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German Silva – The Wrong Way to the Top

German Silva – The Wrong Way to the Top

A major chunk of running history and culture of which I was completely oblivious until last year was the dominance of Mexican athletes on the roads throughout the 1990s. On a run through a valley near Sululta, on the outskirts of Addis Ababa, Knox Robinson regaled us with stories from that period: the athletes who were so dominant, their successes and their missteps. As well as what he experienced during his time spent there, learning from some of the most colourful characters in running.

One such character that kept popping up was German Silva.

Delving into some research on the topic, I was fascinated. A beautiful article in the New York Times depicted a committed group of elite athletes living in austerity and tackling some alarmingly tough conditions, training at altitudes well above what most elite runners would deem productive as they ascended into the crater of the 4680m volcano, Nevado de Toluca.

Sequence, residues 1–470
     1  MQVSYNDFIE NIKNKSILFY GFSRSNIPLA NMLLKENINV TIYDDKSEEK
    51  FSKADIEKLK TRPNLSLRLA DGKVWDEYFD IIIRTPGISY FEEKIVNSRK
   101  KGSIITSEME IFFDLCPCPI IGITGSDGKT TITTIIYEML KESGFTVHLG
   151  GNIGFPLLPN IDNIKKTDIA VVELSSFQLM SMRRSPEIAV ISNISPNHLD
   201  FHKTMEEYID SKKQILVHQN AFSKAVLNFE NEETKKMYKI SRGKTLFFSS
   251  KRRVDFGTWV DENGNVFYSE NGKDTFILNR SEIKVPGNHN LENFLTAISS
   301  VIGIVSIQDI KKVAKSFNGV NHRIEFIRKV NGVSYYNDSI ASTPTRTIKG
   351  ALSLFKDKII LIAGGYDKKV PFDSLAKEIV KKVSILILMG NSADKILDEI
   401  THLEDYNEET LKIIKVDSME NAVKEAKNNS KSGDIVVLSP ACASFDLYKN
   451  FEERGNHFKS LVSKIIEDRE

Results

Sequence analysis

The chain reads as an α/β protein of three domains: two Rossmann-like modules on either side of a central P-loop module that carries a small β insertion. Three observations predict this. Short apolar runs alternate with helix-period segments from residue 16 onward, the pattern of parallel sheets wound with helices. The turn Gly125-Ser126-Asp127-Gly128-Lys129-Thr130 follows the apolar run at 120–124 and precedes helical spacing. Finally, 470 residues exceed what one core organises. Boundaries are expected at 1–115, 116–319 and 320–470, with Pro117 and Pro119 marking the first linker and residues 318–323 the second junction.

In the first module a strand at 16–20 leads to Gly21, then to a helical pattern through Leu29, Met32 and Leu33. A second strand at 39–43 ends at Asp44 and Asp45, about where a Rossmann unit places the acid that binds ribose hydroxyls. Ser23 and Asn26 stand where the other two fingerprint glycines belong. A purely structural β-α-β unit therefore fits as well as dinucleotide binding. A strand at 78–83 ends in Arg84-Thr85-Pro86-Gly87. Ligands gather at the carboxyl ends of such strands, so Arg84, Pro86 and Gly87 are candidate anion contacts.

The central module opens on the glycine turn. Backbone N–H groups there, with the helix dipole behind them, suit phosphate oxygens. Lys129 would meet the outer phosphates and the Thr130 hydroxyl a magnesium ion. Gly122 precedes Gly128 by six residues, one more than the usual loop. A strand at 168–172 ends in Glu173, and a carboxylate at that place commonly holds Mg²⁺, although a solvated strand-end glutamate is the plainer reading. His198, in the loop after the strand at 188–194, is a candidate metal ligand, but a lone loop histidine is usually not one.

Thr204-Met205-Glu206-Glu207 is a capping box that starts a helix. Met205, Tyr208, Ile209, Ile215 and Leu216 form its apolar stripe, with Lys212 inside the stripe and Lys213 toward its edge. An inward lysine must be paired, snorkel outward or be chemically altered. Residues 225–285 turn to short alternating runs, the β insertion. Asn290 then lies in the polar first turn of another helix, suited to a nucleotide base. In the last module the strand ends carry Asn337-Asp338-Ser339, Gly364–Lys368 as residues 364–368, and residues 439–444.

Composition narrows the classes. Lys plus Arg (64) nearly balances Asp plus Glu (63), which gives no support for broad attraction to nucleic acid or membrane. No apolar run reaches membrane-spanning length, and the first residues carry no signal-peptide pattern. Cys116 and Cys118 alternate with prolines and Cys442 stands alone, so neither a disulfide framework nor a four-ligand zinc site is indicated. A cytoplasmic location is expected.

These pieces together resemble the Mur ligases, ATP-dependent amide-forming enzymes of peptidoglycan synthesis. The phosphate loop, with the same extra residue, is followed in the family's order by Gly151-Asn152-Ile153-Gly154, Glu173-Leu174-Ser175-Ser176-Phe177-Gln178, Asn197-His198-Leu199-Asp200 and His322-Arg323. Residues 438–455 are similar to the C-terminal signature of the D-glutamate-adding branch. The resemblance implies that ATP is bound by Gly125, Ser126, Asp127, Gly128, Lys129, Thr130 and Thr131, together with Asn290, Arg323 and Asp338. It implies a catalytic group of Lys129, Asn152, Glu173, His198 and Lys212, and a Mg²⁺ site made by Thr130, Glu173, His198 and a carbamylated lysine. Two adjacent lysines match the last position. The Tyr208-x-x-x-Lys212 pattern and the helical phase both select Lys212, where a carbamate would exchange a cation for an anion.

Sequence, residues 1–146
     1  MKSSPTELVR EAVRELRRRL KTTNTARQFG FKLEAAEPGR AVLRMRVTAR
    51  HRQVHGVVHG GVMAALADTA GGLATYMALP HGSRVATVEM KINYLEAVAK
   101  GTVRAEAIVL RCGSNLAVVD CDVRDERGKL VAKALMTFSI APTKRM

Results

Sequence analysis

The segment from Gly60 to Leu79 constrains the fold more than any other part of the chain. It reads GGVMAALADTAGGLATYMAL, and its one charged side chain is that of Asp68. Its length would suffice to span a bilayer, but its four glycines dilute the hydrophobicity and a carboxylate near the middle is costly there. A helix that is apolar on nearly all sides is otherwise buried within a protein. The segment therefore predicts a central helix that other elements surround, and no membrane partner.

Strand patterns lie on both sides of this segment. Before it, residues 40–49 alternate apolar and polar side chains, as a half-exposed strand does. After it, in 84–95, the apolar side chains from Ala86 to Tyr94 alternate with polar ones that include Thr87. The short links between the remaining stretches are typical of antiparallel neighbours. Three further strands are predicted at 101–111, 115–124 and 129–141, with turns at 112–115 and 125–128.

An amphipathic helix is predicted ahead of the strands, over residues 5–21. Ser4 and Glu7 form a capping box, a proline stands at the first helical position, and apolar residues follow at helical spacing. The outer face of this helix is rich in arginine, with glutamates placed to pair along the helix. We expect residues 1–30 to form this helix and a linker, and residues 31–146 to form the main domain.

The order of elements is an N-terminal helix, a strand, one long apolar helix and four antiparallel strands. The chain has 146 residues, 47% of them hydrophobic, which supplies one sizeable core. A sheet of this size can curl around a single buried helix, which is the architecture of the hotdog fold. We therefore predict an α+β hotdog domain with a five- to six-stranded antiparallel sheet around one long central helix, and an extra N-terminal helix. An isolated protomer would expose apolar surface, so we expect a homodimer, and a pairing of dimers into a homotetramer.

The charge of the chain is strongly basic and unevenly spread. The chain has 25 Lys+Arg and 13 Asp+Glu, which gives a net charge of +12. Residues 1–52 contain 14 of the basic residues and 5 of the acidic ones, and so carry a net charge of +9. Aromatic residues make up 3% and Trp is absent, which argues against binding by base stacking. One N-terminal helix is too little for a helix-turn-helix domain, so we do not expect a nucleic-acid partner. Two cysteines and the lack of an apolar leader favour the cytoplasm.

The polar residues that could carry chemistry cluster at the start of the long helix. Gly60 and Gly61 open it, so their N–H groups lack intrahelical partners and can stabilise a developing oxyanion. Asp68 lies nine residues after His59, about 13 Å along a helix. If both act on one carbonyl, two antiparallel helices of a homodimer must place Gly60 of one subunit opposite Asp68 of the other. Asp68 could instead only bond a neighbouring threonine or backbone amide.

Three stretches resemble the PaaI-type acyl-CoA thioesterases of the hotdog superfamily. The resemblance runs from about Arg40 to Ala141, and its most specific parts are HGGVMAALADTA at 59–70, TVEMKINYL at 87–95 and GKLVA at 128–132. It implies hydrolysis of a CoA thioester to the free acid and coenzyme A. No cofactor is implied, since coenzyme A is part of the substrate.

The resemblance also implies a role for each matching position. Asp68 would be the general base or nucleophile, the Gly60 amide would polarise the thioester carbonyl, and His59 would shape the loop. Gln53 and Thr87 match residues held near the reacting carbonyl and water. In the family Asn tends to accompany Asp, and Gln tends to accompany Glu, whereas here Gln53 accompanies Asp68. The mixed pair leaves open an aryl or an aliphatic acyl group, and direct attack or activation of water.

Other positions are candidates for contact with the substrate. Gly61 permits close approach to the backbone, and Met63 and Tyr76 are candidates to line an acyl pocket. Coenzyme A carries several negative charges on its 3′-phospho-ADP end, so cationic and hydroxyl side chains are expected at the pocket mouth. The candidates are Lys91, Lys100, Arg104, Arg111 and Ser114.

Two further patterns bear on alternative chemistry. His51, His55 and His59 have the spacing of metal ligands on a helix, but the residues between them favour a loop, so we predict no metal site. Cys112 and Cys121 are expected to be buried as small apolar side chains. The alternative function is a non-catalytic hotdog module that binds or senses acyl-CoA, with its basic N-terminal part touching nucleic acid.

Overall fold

Pain, Endurance and The Art of Suffering

Pain, Endurance and The Art of Suffering

One study that Hutchinson cites, highlighting how differently people can process the same painful stimulus, was published by Wolfgang Freund in 2013. Participants were asked to hold their hands in ice water for three minutes and rate the pain they felt as the trial concluded. A group of ultrarunners completed the protocol and their average pain rating was six out of ten. Contrast this with the non-athlete control group who averaged 96 seconds before removing their hands as their pain maxed out at 10. Only three of the control group lasted the full three minutes. It must be noted that the ultrarunners tested were running the gruelling TransEurope Footrace which covers 2,789 miles in 64 days: athletes with an especially insatiable appetite for suffering.

Similar findings came up in a study by Karel Gijsbers, looking at Scottish swimmers and their tolerance of pain. The test protocol involved inflating a blood pressure cuff around the subject’s arm to cease circulation to the limb, followed by repeated clenching of the fist once per second, for as long as the subject could bear. Thirty elite (national level) swimmers were compared with thirty club swimmers and a non-athlete control group. The implications of Gijsbers’ findings are enormous.